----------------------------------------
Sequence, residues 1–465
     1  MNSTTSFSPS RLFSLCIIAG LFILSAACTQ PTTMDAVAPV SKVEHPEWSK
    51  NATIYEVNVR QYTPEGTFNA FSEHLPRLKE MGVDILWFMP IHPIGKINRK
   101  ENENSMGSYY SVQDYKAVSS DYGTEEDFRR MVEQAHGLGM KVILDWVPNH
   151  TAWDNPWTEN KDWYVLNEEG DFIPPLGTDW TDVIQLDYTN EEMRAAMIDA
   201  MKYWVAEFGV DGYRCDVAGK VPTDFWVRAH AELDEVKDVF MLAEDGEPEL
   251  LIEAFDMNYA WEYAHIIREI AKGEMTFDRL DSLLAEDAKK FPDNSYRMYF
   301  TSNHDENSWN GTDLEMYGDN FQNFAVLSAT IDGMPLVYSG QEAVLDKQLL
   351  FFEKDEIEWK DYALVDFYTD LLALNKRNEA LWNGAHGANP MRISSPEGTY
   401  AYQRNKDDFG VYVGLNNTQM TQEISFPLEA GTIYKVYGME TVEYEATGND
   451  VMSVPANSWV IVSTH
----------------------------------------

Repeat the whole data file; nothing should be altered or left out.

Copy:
Sequence, residues 1–465
     1  MNSTTSFSPS RLFSLCIIAG LFILSAACTQ PTTMDAVAPV SKVEHPEWSK
    51  NATIYEVNVR QYTPEGTFNA FSEHLPRLKE MGVDILWFMP IHPIGKINRK
   101  ENENSMGSYY SVQDYKAVSS DYGTEEDFRR MVEQAHGLGM KVILDWVPNH
   151  TAWDNPWTEN KDWYVLNEEG DFIPPLGTDW TDVIQLDYTN EEMRAAMIDA
   201  MKYWVAEFGV DGYRCDVAGK VPTDFWVRAH AELDEVKDVF MLAEDGEPEL
   251  LIEAFDMNYA WEYAHIIREI AKGEMTFDRL DSLLAEDAKK FPDNSYRMYF
   301  TSNHDENSWN GTDLEMYGDN FQNFAVLSAT IDGMPLVYSG QEAVLDKQLL
   351  FFEKDEIEWK DYALVDFYTD LLALNKRNEA LWNGAHGANP MRISSPEGTY
   401  AYQRNKDDFG VYVGLNNTQM TQEISFPLEA GTIYKVYGME TVEYEATGND
   451  VMSVPANSWV IVSTH